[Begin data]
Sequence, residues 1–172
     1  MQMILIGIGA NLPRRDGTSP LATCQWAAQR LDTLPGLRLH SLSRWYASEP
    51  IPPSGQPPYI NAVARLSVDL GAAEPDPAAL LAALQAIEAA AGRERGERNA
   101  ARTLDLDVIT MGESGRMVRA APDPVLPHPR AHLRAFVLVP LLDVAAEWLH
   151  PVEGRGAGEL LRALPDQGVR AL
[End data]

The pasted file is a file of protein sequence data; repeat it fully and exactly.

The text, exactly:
Sequence, residues 1–172
     1  MQMILIGIGA NLPRRDGTSP LATCQWAAQR LDTLPGLRLH SLSRWYASEP
    51  IPPSGQPPYI NAVARLSVDL GAAEPDPAAL LAALQAIEAA AGRERGERNA
   101  ARTLDLDVIT MGESGRMVRA APDPVLPHPR AHLRAFVLVP LLDVAAEWLH
   151  PVEGRGAGEL LRALPDQGVR AL